Human astrocytes were treated with METH (500 μM) and/or HIV-1 (p24 10 ng/mL) for 8 hr and RNA was isolated and assayed for TAAR1. TAAR1 mRNA levels were significantly increased with METH + HIV-1 cotreatments (A, ***p<0.001, n=3, independent astrocyte donors). METH-and/or HIV-1-induced intracellular cAMP was measured at 2 min and 10 min post-activation (B). METH alone significantly induced intracellular cAMP at both time points (**p<0.01). HIV-1 alone and in combination with METH significantly induced intracellular cAMP at 10 min post-activation (**p<0.01). Astrocytes were fixed and immunostained for GFAP (red) and TAAR1 (green). TAAR1 expression was localized in both cytoplasm and nucleus (C, D, E and F). To further confirm nuclear localization, confocal microscopy was performed (C1, D1, E1 and F1). Activation with HIV-1 alone (E1) and in combination with METH (F1) increased nuclear TAAR1 localization.
Figure 3
Figure 3. Forskolin, METH and β-PEA induce astrocyte intracellular cAMP signaling
Astrocyte intracellular cAMP signaling was induced with forskolin (A) as a positive control, METH (B) and β-PEA (C), known TAAR1 agonists. Representative donor EC50 values for forskolin (10.96 μM), METH (32.86 μM), and β-PEA (11.04 μM) are shown. Intracellular cAMP induction assays were determined for multiple biological donors (n), and cumulative data is illustrated in panel D.
Figure 4
Figure 4. RNA interference downregulates astrocyte TAAR1 protein levels and intracellular cAMP in response to METH and β-PEA
Human astrocytes were MOCK-, siCON- and siTAAR1-transfected and plated for 48 hr followed by 24 hr of METH (500 μM) treatment. Cells were fixed and probed for TAAR1 (green) and GFAP (red). MOCK- (A) and siCON- (C) transfected astrocytes showed TAAR1 protein expression with and without METH treatment at 24 hr. METH (500 μM) treated MOCK- and siCON-transfected astrocytes demonstrated similar levels of TAAR1 protein (B and D). As expected siTAAR1-transfected astrocytes demonstrated reduced TAAR1 expression (E and F). Intracellular cAMP levels were quantified in MOCK-, siCON- and siTAAR1-transfected astrocytes. siTAAR1-transfected astrocytes showed significantly reduced METH and β-PEA-induced intracellular cAMP (G, ***p<0.001, n=4, independent astrocyte donors).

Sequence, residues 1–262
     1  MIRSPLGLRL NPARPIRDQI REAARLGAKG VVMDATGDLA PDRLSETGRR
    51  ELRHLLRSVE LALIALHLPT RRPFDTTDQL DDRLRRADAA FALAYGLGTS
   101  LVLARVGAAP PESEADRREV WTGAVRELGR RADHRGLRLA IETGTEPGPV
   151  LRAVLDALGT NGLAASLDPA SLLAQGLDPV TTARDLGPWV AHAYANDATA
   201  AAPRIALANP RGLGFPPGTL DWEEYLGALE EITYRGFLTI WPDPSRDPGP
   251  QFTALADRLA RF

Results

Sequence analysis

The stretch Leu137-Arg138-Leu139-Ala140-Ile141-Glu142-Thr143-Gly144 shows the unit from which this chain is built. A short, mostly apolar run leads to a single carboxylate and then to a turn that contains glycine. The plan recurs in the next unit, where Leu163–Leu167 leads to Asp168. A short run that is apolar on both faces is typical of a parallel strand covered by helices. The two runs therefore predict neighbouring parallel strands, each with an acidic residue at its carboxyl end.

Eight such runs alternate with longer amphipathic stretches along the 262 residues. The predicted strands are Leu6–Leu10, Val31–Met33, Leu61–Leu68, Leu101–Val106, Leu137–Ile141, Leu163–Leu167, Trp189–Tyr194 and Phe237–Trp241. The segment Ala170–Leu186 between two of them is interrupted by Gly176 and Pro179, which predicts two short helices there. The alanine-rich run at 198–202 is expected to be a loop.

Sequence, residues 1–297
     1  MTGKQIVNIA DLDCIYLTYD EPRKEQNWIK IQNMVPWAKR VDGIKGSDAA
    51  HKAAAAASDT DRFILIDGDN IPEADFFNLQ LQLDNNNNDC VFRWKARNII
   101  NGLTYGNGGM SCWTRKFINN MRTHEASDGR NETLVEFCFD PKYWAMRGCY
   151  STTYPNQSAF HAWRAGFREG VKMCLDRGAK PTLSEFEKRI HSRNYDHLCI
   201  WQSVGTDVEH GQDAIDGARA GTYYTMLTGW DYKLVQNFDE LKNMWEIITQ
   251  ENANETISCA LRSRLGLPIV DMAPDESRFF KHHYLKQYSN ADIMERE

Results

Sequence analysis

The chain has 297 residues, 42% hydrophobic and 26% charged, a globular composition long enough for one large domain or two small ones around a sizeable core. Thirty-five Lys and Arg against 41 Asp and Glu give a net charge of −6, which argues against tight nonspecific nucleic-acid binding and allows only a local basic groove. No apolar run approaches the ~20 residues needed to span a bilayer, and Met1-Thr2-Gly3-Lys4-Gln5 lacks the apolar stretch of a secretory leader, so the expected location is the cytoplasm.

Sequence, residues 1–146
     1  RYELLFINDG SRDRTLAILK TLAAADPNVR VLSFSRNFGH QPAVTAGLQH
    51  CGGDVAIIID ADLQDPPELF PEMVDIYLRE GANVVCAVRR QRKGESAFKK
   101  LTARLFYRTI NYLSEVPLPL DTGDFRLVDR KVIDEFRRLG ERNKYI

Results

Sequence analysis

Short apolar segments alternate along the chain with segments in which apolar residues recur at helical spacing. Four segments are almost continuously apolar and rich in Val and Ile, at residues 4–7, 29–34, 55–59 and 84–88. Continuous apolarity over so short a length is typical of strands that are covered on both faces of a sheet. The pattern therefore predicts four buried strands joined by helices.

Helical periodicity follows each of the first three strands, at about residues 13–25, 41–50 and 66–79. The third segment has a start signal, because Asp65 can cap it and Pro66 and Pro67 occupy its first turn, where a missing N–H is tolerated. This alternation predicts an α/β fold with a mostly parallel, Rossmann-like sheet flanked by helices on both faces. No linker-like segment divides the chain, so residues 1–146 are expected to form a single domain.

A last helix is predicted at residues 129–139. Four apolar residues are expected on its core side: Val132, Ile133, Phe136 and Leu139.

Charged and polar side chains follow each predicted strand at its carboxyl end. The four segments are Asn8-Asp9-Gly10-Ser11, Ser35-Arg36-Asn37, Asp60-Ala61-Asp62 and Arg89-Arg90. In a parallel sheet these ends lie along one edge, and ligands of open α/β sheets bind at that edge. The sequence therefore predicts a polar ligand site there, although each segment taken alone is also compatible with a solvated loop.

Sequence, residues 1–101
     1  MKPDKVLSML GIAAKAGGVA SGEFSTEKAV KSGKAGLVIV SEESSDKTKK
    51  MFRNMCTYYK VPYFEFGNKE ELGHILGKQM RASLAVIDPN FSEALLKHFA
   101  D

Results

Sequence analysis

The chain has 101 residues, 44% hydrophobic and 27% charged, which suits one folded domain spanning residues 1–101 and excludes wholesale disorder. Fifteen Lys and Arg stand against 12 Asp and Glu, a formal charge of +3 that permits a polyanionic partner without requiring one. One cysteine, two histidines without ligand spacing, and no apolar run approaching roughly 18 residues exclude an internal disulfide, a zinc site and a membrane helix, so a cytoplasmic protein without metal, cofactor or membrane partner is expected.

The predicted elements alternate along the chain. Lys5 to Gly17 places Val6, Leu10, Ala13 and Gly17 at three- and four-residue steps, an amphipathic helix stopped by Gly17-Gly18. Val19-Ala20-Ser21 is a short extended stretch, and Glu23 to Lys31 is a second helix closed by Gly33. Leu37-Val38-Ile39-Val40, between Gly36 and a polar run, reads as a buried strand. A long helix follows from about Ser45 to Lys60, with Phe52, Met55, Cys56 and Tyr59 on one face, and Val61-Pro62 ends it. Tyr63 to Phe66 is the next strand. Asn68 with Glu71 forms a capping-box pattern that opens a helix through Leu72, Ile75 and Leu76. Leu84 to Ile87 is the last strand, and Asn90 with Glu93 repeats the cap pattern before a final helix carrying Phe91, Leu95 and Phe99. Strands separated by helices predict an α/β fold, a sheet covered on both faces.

Figure 5
Figure 5. METH-induced TAAR1 activation regulates EAAT-2 mRNA levels and function
Primary human astrocytes were MOCK-, siCON-, siTAAR1-, CON-GFP- or TAAR1-GFP-transfected and treated with METH (500 μM). Two independent astrocyte donors were tested with a minimum of triplicate determinations in each experiment. Data was analyzed as fold change to internal control and presented as cumulative data for both donors. RNA was collected at 8 hr and glutamate clearance was measured at 24 hr post-treatment. (A) EAAT-2 mRNA levels significantly decreased in MOCK- and siCON-transfected astrocytes treated with METH (*p<0.05, **p<0.01). Changes in METH-mediated EAAT-2 levels were blocked by siTAAR1 transfection. (B) Glutamate clearance was performed in parallel. METH treatment significantly decreased glutamate clearance in MOCK- and siCON-transfected astrocytes while siTAAR1 transfection significantly increased glutamate clearance compared to METH treated controls (***p<0.001). (C & D) Both TAAR1-GFP-transfection and METH treatment significantly lowered levels of EAAT-2 mRNA expression in astrocytes and in parallel resulted in an exacerbated reduction in glutamate clearance abilities (***p<0.001).